colors the truths of history to serve a fa union through the establishment of pervorite purpose. With the strict fidelity sonal freedom, and emancipate the nations of his narrative, which is, no doubt, the from all authority not flowing from themprimary demand in a genuine historian, selves. The battle was fought for the but which is perhaps the least frequently advancement of the principles of everlastfully realized, Mr. Bancroft exhibits other ing peace and universal brotherhood. Its qualities, which greatly distinguish him fruits were to be the substitution of the from previous writers.

natural equality of man for hereditary His subject naturally suggests the pic- privilege, -of a government founded on torial sketches which form the appropriate the concord of opinion for the irresponembellishment of historical description. sible authority of an autocrat, and of the The admirable skill in word-painting, inauguration of a plebeian democracy by which would have given Mr. Bancroft the side of empires rejoicing in a long line distinction as a poet, if he had not selected of haughty sovereigns. a different career, finds ample sphere for Such is the groundwork on which the its exercise in the delineation of the for stirring events that form the subject of tunes of the colonists. The fragrant the present volume are traced. Conriches of the primeval forest in contrast tinuing the description of the antecedents with the elegancies of advancing civiliza of the revolution, it shows how Great tion; the teeming abundance of animal Britain estranged America by the series life which rejoiced the eyes of the hardy of Parliamentary assumptions which reachsettlers in quest of food ; the bounteous ed their climax in the passage of the luxuriance of vegetation revealing the vir Stamp Act, Feb. 27th, 1765. The narraginal resources of the unexhausted soil ; tive, though singularly condensed, is suffithe quaint simplicity of rural life among ciently copious for a lucid exposition of the primitive families in the wilderness, facts; the progress of British legislation is and on the banks of delicious streams; followed, step by step, and described with the aboriginal poetry of Indian manners patient minuteness; the characters of the while yet uncontaminated by the vices of most eminent English statesmen then on artificial society, present an irresistible the stage, are placed in a clear light by temptation to the pencil of the artist, brief graphic sketches, as well as by the which Mr. Bancroft has genially followed vivid portraiture of their deeds; while the in the numerous gorgeous episodes that connection of American independence, with afford such a grateful relief to the pre the grand historical drama of continental vailing severity of tone in the representa Europe, is unfolded with that remarktion of events.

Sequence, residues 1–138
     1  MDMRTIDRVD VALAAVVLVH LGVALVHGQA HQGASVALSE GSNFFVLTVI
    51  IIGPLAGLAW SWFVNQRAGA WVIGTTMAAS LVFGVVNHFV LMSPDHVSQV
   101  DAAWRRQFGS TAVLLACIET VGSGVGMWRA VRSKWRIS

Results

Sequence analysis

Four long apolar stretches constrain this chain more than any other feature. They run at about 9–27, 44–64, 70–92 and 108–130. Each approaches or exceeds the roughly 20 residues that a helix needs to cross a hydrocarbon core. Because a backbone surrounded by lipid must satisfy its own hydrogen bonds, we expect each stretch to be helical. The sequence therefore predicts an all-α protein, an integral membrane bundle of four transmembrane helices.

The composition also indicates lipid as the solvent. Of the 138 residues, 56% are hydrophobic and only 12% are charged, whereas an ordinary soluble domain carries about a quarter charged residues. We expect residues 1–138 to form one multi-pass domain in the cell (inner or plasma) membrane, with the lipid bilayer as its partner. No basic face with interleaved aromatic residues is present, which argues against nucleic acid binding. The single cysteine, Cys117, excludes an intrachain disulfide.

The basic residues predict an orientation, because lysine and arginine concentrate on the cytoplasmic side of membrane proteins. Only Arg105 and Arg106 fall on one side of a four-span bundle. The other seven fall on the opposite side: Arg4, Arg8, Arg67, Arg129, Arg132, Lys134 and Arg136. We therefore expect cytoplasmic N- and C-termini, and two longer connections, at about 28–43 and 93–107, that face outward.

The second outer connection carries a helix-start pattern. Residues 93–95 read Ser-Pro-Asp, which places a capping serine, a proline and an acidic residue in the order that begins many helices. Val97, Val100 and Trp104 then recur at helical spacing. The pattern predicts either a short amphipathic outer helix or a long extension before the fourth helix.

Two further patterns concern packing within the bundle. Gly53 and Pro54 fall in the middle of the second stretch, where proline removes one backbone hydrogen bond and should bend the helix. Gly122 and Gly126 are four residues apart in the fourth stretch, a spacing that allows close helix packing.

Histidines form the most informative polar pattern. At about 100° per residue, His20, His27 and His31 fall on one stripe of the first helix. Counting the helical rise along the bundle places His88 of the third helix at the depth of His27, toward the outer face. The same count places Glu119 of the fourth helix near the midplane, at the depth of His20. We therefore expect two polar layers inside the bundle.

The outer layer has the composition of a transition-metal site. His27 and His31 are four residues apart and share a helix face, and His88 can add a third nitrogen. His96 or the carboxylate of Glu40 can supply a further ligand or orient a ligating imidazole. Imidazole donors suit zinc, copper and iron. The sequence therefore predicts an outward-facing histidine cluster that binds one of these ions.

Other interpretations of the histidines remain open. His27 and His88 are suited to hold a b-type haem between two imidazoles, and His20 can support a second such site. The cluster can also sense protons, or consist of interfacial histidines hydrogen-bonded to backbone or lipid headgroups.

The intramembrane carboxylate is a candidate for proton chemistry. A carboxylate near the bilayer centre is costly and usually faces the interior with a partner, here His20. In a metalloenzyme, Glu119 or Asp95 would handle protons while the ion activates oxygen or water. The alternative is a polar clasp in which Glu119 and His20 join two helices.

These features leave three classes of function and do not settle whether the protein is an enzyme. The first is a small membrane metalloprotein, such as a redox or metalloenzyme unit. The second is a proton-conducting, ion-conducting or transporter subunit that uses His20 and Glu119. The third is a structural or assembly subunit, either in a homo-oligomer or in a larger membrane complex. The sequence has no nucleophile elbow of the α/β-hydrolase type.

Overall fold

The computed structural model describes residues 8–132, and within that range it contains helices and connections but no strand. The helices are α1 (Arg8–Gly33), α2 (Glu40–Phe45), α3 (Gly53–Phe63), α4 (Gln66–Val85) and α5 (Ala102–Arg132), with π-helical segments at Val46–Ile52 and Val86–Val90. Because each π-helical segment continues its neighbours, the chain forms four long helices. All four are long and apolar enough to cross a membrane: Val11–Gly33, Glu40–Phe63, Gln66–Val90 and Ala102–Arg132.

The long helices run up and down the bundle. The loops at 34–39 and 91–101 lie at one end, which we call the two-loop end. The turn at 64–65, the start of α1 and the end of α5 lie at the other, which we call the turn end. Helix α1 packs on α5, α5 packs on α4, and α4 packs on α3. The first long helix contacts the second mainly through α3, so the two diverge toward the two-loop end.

able breadth and keenness of vision,—that But it is not merely with the eye of a extraordinary alertness of mental assopoet that Mr. Bancroft has contemplated ciation, which detects the bearing of disthe vast panorama of American history. tant and apparently insignificant events on Trained in the schools of a profound trans the question under discussion, for which, cendental philosophy, which looks on ex in our opinion, Mr. Bancroft is without a ternal events as the exponents of some rival among living historians. vital principle, he seeks the pervading, The first four chapters of this volume energizing idea, which underlies and in present a masterly view of the condition spires the progress of American institu of Europe, including England and her tions. This he detects in the inborn as dependencies, prior to the American repiration of the human soul for freedom, volution, and during the debates in Parits consciousness of a spiritual destiny, liament on the taxation of the colonies. and its desire for the realization of univer Not only is the political character of the sal unity. Hence, to Mr. Bancroft, the age portrayed with a peculiar brilliancy progress of history is the shadowing forth of coloring, but a profound analysis is in time and space of the inherent tenden given of the development of ideas which cies of the soul. American history sur prepared for the assertion of freedom by passes in dignity and grandeur the deve the colonists of America. According to lopments of former ages, inasmuch as it Mr. Bancroft, the cause of the Protestant is the outbirth of a sublimer and more sig. Reformation had gained such signal nificant idea. In his view, “the diurnal triumphs in the Seven Years' War, that flow of existence never rests, bearing the the great Catholic powers were compelled human race onward, through continuous to band together, in order to check the change. Principles grow into life by in progress of change. The religious, poliforming the public mind, and in their ma tical, military, and industrial forms of the turity, gain the mastery over events: fol Middle Age were undermined; the dylowing each other as they are bidden, and nasties that had been consecrated by the ruling without a pause.” The American Roman Church had yielded to the offrevolution was designed to organize social spring of the Reformers, and Protestant